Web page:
Science: SpaceX Gives Nose-Cone-Catching Boat ‘Mr. Steven’ a Bigger Net

Mr. Steven now has some more margin for error.

SpaceX has outfitted the speedy boat with a much larger net, to give it a better chance of plucking payload fairings — the nose cones that protect spacecraft during launch — out of the sky.

“Mr. Steven — now with more net. SpaceX’s fairing recovery vessel has been fitted with a 4x larger net ahead of its next recovery attempt targeted for later this month,” SpaceX representatives wrote via Instagram Friday (July 13), along with before-and-after photos of the 205-foot-long (62 meters) boat.

Mr. Steven—now with more net. SpaceX’s fairing recovery vessel has been fitted with a 4x larger net ahead of its next recovery attempt targeted for later this month.

A post shared by SpaceX (@spacex) on Jul 13, 2018 at 9:03am PDT

Mr. Steven is part of SpaceX’s push to develop fully and rapidly reusable rockets and spacecraft. Such technology could slash the cost of spaceflight enough to make bold projects like Mars colonization economically feasible, SpaceX founder and CEO Elon Musk has said.

SpaceX already routinely lands and relaunches first stages of its workhorse, two-stage Falcon 9 rocket. Snagging Falcon 9 fairings makes a lot of economic sense as well; they cost about $6 million apiece, Musk has said. And plucking them out of the air, before they hit the highly corrosive seawater, is key.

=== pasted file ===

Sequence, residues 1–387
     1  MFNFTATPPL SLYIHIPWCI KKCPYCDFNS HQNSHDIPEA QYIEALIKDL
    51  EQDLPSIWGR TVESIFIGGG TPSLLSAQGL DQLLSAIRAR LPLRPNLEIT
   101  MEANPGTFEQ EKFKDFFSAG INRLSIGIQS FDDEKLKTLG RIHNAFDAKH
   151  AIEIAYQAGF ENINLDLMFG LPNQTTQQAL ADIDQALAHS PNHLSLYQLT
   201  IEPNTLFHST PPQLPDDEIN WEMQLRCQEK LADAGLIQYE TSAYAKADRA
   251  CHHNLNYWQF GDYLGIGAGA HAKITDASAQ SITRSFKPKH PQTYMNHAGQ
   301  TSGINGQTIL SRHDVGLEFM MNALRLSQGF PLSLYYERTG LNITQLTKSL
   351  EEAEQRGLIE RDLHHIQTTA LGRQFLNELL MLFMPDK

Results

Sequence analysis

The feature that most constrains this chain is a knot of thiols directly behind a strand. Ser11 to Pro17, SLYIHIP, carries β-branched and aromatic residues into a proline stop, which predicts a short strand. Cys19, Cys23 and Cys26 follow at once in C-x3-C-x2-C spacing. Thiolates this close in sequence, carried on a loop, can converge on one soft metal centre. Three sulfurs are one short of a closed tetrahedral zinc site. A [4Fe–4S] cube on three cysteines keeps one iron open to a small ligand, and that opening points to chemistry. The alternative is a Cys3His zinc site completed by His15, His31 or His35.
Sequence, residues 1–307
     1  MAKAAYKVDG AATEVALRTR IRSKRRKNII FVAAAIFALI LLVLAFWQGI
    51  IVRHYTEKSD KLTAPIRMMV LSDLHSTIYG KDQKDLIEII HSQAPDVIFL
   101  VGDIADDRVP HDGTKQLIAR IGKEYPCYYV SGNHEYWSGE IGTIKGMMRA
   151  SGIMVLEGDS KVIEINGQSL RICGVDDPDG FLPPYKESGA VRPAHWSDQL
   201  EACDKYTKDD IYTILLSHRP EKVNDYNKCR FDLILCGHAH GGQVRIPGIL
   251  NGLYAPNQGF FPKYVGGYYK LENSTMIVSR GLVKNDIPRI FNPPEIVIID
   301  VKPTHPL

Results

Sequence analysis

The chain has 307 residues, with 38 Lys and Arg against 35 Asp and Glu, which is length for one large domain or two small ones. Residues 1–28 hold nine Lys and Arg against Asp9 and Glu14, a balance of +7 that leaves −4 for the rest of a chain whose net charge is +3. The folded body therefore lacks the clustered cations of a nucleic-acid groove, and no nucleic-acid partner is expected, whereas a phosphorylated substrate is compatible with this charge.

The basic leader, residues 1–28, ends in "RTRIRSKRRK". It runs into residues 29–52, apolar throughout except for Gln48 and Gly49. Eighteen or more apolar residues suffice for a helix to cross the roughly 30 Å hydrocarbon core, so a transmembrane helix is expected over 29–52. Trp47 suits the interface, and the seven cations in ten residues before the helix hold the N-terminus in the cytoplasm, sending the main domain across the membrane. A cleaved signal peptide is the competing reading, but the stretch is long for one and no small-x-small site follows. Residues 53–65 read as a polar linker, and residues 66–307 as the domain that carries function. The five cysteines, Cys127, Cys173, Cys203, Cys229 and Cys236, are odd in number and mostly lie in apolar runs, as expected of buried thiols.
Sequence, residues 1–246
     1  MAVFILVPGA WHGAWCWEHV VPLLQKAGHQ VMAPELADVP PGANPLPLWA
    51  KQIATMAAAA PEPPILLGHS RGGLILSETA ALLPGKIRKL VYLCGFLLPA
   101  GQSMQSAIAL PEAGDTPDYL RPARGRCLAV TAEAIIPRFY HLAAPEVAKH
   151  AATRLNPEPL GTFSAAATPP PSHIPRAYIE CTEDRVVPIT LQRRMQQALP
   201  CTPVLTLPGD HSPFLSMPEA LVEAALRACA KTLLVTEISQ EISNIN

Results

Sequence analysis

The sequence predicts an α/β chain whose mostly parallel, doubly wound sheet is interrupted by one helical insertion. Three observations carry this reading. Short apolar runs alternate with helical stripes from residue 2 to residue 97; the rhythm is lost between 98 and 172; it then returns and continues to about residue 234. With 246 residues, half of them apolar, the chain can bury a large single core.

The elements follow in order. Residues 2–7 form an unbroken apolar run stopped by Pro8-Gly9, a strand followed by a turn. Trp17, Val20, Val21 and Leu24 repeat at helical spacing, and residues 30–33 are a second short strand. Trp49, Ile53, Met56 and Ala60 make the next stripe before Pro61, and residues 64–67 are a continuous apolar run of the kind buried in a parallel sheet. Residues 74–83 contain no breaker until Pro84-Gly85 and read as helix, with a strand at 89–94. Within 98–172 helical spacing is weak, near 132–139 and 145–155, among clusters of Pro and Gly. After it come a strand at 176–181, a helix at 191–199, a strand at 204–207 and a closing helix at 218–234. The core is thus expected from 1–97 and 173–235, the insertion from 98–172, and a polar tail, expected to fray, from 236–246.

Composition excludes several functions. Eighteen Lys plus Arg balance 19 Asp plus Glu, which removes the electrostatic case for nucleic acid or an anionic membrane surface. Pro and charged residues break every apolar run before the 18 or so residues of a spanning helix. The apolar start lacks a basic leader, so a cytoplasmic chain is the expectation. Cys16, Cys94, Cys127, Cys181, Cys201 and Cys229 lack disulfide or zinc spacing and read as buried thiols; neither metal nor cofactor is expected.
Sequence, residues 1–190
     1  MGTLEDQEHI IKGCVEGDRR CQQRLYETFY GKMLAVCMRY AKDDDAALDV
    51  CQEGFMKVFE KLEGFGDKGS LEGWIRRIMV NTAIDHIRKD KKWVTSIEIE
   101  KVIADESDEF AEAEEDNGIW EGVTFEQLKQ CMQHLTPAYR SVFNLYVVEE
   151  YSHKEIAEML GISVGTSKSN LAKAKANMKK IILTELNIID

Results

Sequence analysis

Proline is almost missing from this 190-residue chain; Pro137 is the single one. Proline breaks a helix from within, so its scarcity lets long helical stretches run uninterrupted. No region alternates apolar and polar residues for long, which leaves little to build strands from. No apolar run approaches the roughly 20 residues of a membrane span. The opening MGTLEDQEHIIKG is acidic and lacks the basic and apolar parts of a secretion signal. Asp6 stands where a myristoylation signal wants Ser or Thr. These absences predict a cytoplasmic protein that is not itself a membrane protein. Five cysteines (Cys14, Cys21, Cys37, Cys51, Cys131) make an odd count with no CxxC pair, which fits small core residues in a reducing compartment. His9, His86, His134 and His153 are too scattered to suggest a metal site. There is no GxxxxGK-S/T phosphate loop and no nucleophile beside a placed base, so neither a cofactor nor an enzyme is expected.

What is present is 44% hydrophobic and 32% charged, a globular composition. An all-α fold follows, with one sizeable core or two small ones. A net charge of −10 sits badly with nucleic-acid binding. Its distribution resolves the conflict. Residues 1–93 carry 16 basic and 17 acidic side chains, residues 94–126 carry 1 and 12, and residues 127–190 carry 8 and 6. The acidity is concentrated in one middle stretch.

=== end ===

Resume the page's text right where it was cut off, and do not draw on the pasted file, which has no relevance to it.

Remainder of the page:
Each Falcon 9 fairing consists of two pieces, both of which come back to Earth under parachute (actually, parafoil) shortly after liftoff. The fairing halves are also equipped with small thrusters and can therefore steer themselves toward desired splashdown points.

Mr. Steven has tried to snag a fairing half on three separate occasions, in February, March and May of this year. On the first and third tries, it was close but no cigar: Mr. Steven got within a few hundred meters in February and missed by about 50 meters (160 feet) in May, SpaceX representatives have said. During the March attempt, the targeted half’s parafoil twisted, and the fairing piece slammed into the ocean hard.

The boat will make its next attempt on July 25, when a Falcon 9 lofts 10 satellites for the communications company Iridium from Vandenberg Air Force Base in California, according to media reports.

Follow Mike Wall on Twitter @michaeldwall and Google+. Follow us , Facebook or Google+. Originally published on Space.com.

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